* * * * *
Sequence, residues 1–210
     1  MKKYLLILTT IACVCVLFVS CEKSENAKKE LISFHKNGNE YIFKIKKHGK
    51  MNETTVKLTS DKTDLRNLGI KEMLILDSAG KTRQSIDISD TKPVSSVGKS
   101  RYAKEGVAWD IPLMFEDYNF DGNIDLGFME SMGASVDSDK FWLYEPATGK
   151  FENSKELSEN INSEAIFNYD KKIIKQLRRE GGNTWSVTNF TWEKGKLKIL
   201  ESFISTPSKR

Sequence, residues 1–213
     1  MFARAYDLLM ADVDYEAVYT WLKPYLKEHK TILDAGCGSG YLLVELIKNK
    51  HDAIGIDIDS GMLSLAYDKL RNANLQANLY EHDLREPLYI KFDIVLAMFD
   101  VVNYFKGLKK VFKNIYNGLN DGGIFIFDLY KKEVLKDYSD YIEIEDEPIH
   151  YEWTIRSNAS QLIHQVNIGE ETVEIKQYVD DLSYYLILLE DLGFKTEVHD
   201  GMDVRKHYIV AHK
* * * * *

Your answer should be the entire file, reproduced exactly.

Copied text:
Sequence, residues 1–210
     1  MKKYLLILTT IACVCVLFVS CEKSENAKKE LISFHKNGNE YIFKIKKHGK
    51  MNETTVKLTS DKTDLRNLGI KEMLILDSAG KTRQSIDISD TKPVSSVGKS
   101  RYAKEGVAWD IPLMFEDYNF DGNIDLGFME SMGASVDSDK FWLYEPATGK
   151  FENSKELSEN INSEAIFNYD KKIIKQLRRE GGNTWSVTNF TWEKGKLKIL
   201  ESFISTPSKR

Sequence, residues 1–213
     1  MFARAYDLLM ADVDYEAVYT WLKPYLKEHK TILDAGCGSG YLLVELIKNK
    51  HDAIGIDIDS GMLSLAYDKL RNANLQANLY EHDLREPLYI KFDIVLAMFD
   101  VVNYFKGLKK VFKNIYNGLN DGGIFIFDLY KKEVLKDYSD YIEIEDEPIH
   151  YEWTIRSNAS QLIHQVNIGE ETVEIKQYVD DLSYYLILLE DLGFKTEVHD
   201  GMDVRKHYIV AHK